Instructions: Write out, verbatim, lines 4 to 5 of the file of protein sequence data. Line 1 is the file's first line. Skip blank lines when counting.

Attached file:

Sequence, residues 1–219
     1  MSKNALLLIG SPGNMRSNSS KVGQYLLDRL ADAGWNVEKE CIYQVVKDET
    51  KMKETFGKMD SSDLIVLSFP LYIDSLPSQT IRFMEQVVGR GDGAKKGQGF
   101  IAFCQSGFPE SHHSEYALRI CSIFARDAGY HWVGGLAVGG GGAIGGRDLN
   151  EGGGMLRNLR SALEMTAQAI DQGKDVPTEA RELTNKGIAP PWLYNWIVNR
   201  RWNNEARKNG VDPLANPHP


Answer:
   101  IAFCQSGFPE SHHSEYALRI CSIFARDAGY HWVGGLAVGG GGAIGGRDLN
   151  EGGGMLRNLR SALEMTAQAI DQGKDVPTEA RELTNKGIAP PWLYNWIVNR